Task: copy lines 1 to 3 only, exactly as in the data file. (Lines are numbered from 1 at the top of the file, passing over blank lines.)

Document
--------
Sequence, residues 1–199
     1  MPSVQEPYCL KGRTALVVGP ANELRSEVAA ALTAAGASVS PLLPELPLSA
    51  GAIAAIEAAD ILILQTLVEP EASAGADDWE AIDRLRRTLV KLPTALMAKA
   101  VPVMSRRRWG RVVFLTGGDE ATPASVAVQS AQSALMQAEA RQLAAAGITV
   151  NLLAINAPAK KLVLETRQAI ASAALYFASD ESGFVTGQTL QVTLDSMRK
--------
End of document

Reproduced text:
Sequence, residues 1–199
     1  MPSVQEPYCL KGRTALVVGP ANELRSEVAA ALTAAGASVS PLLPELPLSA
    51  GAIAAIEAAD ILILQTLVEP EASAGADDWE AIDRLRRTLV KLPTALMAKA